Next, the Adaptive Packet Jitter Removal Controller 10470 checks whether the time for notifying the Reception and ACK Generation Subsystem 10490 has come. This is checked by comparing 10660 the TPAT 10550 of each packet in the Jitter Removal Buffer 10467 with the CTR 10; the Reception and ACK Generation Subsystem 10490 is notified through control line 10463 of each packet whose TPAT 10560 is less then or equal to the current CTR value, as shown in action 10670 of FIG. 19. In a possible embodiment the Adaptive Packet Jitter Removal Controller 10470 stores packets in the Jitter Removal Buffer 10467 according to a data structure that enables finding packets whose TPAT 10550 is less then or equal to the current CTR value with minimum time, processing power, and accesses to the Jitter Removal Buffer 10467. In a possible embodiment, a packet is not removed from the Jitter Removal Buffer 10467 until both action 10650 and action 10670 have been performed. In another embodiment, after action 10650 has been performed the forwarded data packet is removed from the Jitter Removal Buffer 10467 and only the packet parts, such as at least one of (see FIG. 18A, FIG. 18B, and FIG. 18C) Protocol Fields 10590, Payload 10595, Packet Time-stamp 10500, ACK field 10510, Acknowledgement Time-stamp 10530, Explicit Congestion Indication 10540, necessary for properly notifying 10670 the Reception and ACK Generation Subsystem 10490 at TPAT 10550 are retained in the Jitter Removal Buffer 10467.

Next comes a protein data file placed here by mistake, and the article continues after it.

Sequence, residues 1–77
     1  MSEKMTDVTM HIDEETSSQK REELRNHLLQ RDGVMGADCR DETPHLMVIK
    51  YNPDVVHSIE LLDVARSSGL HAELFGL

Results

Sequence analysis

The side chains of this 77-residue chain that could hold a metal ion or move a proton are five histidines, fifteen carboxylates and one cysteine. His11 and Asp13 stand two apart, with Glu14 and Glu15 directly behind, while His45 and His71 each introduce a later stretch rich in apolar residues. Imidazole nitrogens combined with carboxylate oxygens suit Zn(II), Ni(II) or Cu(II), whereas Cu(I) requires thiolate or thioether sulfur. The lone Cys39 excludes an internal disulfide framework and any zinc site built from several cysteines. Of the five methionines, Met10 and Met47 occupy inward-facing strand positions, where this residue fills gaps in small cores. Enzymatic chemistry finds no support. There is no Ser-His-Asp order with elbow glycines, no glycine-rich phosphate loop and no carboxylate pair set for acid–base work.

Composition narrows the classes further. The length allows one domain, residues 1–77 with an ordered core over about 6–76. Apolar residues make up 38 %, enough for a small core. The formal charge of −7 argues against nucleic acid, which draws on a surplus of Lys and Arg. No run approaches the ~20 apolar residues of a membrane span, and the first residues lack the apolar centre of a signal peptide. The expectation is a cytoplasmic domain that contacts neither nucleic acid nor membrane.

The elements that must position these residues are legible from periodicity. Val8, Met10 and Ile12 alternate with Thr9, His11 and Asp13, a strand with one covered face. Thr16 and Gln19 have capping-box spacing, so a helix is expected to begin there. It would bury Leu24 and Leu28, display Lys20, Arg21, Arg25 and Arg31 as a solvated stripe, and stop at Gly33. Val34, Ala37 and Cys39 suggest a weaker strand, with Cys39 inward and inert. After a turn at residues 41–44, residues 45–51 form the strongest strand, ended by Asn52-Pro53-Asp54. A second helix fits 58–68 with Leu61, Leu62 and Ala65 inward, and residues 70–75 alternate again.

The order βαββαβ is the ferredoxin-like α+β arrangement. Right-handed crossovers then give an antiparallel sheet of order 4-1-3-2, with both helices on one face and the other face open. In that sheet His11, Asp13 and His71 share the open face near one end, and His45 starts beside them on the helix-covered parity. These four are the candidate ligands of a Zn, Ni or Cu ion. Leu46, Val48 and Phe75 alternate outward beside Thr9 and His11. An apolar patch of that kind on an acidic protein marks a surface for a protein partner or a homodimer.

The TCP Receiver with CTR Subsystem 10400 architecture depicted in FIG. 17 comprises a Reception and ACK Generation Subsystem 10490 further comprising a Receiver Controller 10440 and a Receiver Buffer 10495. Data packets received on data line 10465 are stored in the Receiver Buffer 10495. The Receiver Controller 10440 determines when each data packet, or part thereof, stored in the Receiver Buffer 10495 should be transferred through data line 10450 out of the TCP Receiver with CTR Subsystem 10400, i.e., be received by the final destination.